Ten to nine and it’s getting dark. Lights have been turned on; they blaze down on the late arrivals as they are hurried to their seats. It’s a serious crowd and there’s an atmosphere of intense concentration on many of the faces as they read the programme. But where are the musicians? They are listed with their conductor on the programme but they are nowhere to be seen. My heart sinks. Is the music pre-recorded? There is a big black box off centre stage with a panel of flashing red lights which would look more appropriate for Dr Who. Is it a gigantic loudspeaker?
Three sleek, black cars arrive; desultory clapping as a group of dignitaries is ushered to their cushioned seats on the lower level. As the lights are dimmed the entire audience leans forward, concentrating on half a dozen figures in black flowing robes who run around the stage laying what appear to be their cloaks on the ground. All is quiet.
Abruptly we are plunged into a Stygian darkness, as if we have been consumed by night. Spooky. The contrast, following the blinding white floodlights is a shock and I am recovering my equilibrium when I am almost propelled out of my seat by a tremendous and tumultuous crash of electronic instruments that reverberate and echo around the natural amphitheatre. The effect is riveting. Then – shafts of penetrating lights on the barrier of pines that flank the edge of the small plateau where the theatre sits – black-clad women of the chorus run around on silent feet, their flashlights seeking out the audience, the trees and the night sky. This is a new and experimental production by a young and innovative producer. I would have preferred to have seen the tragedy in its original form, however, the unusual use of light on this pitch black night is electrifying. It works. The tragedy is about to unfold.

The harbour at dawn in Nea Epidaurus

There’s no interval. The performance lasts two hours and Electra is emoting on-stage for most of the time. I have never seen an audience so rapt, so intent on hearing every precious word. The most touching scene is when poor Electra, tired, prematurely aged and consumed with bitterness, realises that the ashes in the urn she is holding are not those of her dead brother Orestes after all, and that the man standing before her is actually he, alive and well and come to take vengeance for the murder of their father. She picks him up and swirls round and round with him in her arms as the audience erupts, clapping and shouting. I do not believe there was a dry eye in the theatre.
The final, brilliant touch is the last scene where Orestes and the chorus chase Aegisthus – their father’s murderer – through the backdrop of giant trees with lights from a dozen torches invading every branch and bole and dark corner.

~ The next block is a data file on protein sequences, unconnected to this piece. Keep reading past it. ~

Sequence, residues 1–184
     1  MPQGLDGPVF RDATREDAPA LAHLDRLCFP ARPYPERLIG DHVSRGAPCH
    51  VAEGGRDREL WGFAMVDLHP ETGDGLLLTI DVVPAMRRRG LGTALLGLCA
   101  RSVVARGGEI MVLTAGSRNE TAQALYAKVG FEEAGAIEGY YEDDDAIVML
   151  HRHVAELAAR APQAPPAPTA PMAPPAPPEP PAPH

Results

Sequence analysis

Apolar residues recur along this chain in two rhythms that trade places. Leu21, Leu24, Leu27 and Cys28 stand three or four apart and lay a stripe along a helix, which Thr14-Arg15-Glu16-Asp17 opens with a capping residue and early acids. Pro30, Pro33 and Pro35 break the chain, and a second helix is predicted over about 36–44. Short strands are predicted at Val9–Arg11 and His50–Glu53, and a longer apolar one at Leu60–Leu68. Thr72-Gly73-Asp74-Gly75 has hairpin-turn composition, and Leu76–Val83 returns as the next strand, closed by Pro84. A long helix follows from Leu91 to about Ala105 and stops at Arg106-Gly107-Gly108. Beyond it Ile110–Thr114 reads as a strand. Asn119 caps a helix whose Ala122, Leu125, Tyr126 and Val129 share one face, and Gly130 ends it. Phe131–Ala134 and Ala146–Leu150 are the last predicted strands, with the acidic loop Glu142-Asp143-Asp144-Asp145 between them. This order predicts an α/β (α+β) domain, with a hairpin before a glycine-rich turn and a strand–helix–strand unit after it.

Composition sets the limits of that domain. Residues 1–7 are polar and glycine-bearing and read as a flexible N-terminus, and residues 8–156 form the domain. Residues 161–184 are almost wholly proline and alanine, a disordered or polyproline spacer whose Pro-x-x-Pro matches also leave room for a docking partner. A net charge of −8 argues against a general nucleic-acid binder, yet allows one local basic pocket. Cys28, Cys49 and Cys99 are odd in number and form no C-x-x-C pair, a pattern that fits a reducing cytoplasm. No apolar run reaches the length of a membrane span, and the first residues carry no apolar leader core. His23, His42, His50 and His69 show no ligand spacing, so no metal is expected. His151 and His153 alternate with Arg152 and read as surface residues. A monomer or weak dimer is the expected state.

The use of the natural surroundings of the theatre is a stroke of genius. As for the acoustics – even when Electra was lying on the ground weeping and whispering, I could hear every syllable – I was quite wrung out at the end. We sat sipping wine as the audience left, streaming down the steep tiers, I wanted to sit there all night and re-live the experience but a uniformed man moved me on with a smile.
The tragedy was over and I hoped Sophocles was resting at ease as the electronic sounds echoed around the hills and valleys of Epidaurus.

The theatre is 30km from Nauplion, an enchanting Venetian port with wonderful shopping, museums. Accommodation in converted Venetian mansions is atmospheric and expensive.
We stayed at the Posidon Hotel at Nea Epidaurus (New Epidaurus) a quiet little port fifteen minutes from the theatre. Our double room had air-conditioning that is not always found in these parts, with a balcony overlooking the harbour. Tavernas, bars and restaurants line the attractive waterfront with its well-equipped international marina. Poor beaches. For a good swim, drive north to Archaia Epidaurus (Ancient Epidaurus).

Valerie Helps has written A Third of a Pond her second illustrated book, following the success of “The Voyages of de Villehardouin – Cruising French Waterways” published in 2018.
A Third of a Pond is about Valerie’s idyllic life in central France with Geoffrey, a retired architect and his restoration of a delapidated 200-hundred-year-old farmhouse and the charming friendship that evolves between the author and the inquisitive wild creatures from the forest and pond. Gardening is the author’s passion.
Publication date 30 April 2020
A Third of a Pond will be available at good book stores and online retailers including Pegasus Publishers, Booktopia, Book Depository, Amazon and Angus & Robertson. It can be pre-ordered now through